Real estate has always been an avenue of attraction for investors, but it takes a good deal of observation and insight to make money out of it. You can invest in a property in many ways such as buying a place and reselling it or renting it out. However, you must keep in mind a few things before you zero in on a property for investment.
Let’s look at five such important things.
Legal aspects of the property
You must run your little investigation before you lay your hands on a property. Check the title of the property and if all papers are in place. If you take a home loan, the bank or lending institution may make its own verification of the property. However, you should always make your own independent investigation into the property’s legality. Verify the encumbrances (if any) on the property by looking at the encumbrance certificate. Property tax, phone bills, electricity bills and society charges are some of the papers you must check if there any leftover dues. Also, find out if the property has a registered society or not.
The down payment required for a property usually ranges between 10% and 20% of the total value of the property. However, you are at a liberty to pay more if you are comfortable. You must arrange for the down payment beforehand. You can always seek support from your employer, friends or relatives etc. to arrange for the deficit amount. You should also look at the expected time for getting possession of the property and negotiate payment terms accordingly. Some developers offer schemes wherein you don’t need to pay interest till you get the possession of the house. The amount is adjusted in future.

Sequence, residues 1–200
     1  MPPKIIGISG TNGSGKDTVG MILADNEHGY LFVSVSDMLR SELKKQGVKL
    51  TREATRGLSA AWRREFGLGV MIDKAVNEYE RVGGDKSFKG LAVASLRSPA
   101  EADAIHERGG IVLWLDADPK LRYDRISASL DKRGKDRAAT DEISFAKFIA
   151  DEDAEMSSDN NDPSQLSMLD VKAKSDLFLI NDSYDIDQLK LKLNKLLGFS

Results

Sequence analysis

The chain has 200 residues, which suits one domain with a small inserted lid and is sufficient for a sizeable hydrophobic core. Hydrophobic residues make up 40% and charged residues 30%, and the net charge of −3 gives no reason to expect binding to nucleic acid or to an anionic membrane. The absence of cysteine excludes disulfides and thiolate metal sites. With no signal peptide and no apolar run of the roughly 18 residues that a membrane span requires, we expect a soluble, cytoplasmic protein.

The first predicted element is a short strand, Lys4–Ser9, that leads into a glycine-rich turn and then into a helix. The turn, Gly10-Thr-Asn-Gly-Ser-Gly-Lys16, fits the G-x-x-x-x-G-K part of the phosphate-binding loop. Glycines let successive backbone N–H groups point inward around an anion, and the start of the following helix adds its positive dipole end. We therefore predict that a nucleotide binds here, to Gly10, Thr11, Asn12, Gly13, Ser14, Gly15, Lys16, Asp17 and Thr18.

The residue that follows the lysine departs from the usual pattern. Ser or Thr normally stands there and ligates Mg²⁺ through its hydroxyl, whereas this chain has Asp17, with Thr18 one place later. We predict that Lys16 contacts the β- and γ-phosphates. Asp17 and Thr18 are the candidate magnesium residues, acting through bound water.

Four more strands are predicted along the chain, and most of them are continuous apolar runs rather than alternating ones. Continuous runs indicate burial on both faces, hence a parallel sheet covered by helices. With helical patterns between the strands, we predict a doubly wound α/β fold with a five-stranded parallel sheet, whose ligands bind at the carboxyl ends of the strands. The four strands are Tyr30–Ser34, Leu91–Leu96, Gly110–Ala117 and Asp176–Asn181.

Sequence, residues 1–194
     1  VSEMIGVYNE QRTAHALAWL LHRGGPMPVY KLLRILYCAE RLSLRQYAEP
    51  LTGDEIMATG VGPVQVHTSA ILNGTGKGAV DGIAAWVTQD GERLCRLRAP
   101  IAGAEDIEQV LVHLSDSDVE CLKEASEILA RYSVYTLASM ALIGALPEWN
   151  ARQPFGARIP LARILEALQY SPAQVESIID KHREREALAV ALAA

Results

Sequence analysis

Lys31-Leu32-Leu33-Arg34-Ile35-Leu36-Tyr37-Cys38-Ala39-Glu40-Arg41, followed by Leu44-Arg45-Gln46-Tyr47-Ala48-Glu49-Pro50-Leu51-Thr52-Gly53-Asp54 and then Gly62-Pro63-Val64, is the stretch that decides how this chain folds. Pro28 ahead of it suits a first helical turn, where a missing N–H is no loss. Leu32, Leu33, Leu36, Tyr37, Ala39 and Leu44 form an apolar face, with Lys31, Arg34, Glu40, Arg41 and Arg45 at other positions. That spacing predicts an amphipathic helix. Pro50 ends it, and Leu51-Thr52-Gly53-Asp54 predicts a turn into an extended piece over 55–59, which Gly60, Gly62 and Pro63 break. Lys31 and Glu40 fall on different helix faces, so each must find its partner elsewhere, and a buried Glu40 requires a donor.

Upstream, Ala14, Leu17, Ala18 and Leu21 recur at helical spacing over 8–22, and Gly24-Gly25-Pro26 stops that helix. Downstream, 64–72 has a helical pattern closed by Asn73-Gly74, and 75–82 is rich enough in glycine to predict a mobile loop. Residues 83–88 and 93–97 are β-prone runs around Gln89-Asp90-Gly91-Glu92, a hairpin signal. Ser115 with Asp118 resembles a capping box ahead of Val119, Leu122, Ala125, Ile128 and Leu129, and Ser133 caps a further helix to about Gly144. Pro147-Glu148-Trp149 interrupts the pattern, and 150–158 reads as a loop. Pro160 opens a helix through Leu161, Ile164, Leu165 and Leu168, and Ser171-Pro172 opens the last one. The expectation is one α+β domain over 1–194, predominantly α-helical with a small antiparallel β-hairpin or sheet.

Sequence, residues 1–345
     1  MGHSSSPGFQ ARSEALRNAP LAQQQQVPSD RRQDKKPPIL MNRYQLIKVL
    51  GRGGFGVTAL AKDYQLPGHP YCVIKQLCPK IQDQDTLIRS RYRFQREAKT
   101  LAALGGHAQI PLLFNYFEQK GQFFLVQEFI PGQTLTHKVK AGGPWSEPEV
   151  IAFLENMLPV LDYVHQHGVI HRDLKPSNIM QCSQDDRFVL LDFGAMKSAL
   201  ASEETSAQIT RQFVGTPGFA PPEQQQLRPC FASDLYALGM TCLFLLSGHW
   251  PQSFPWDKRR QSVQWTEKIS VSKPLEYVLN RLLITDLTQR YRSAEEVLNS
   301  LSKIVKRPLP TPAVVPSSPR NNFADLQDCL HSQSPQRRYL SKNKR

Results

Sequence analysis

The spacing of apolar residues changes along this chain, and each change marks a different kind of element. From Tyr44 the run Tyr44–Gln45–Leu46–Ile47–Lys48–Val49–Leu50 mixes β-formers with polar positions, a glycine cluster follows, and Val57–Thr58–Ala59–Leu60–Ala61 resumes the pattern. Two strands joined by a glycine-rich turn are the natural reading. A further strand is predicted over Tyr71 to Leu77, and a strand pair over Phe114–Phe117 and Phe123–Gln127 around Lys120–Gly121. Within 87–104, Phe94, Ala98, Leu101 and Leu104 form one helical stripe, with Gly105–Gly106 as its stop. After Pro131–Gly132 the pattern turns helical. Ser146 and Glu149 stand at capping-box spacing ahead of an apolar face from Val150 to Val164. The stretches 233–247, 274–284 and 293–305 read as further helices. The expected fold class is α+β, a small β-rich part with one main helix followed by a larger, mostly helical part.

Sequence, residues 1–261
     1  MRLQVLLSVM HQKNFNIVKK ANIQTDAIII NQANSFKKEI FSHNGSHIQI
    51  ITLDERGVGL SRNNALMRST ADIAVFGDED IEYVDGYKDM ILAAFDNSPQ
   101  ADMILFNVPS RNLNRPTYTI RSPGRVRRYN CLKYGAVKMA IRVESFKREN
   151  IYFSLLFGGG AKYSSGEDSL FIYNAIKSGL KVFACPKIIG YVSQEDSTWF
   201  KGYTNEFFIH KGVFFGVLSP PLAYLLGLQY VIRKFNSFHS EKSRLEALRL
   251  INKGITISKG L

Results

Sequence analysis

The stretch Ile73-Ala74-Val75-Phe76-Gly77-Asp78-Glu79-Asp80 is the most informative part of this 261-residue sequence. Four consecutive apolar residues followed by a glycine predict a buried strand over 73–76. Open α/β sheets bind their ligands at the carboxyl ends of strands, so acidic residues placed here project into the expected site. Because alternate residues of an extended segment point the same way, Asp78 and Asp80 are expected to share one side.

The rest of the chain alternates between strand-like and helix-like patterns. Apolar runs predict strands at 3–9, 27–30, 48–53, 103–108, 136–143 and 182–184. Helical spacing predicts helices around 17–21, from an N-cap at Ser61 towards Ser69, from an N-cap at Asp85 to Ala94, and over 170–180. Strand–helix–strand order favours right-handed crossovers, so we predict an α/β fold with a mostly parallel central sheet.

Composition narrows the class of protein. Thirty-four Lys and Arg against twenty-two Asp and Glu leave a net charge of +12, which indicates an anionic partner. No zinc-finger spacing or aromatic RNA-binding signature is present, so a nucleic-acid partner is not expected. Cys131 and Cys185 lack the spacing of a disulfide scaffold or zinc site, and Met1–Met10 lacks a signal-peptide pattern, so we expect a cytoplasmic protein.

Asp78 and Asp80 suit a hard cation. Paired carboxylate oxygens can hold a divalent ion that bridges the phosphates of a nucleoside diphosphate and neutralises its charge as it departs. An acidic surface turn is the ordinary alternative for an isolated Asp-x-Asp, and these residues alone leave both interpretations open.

Buying property is a big investment and one often needs to take a home loan to fulfil it. Before you finalize a deal or even approach a builder, you must evaluate your eligibility for a loan. Talk to the banks and financial institutions and find out your loan raising capacity. If your credit score is around 750 and you comply with the income eligibility as required by the lender, your chances of getting a loan at competitive interest rates is good. Understanding your repayment capacity is also equally important.
Awareness about RERA
With the Real Estate (Regulation and Development) Act (RERA) coming into play from May 1, 2017, real estate developers and builders would have to be more transparent with their customers. RERA’s objective is to protect the interest of home buyers by quick dispute redressal. For example, developers are now not allowed to take more than 10% of the property cost as an advance/application fee in the absence of a registered agreement for sale. One must be aware of the norms under RERA before buying a property to ensure a fair deal.
Additional costs associated
While estimating the overall cost of the property, don’t forget to add up additional costs such as registration and stamp duty charges, payment of loan processing fees, brokerage fee, etc. They together can easily bump up your purchase price by 10%. For example, the property price is Rs. 50 lakh, so its stamp duty would cost you around 5% to 7%, which could go up to Rs 3.5 lakh, and the property registration could cost you 2% of the price, which would be Rs. 1 lakh.
Do not forget to assess the rental return potential of the geography you are looking at. After all, it makes up for a substantial part of your return on investment.
(The writer is CEO, BankBazaar.com)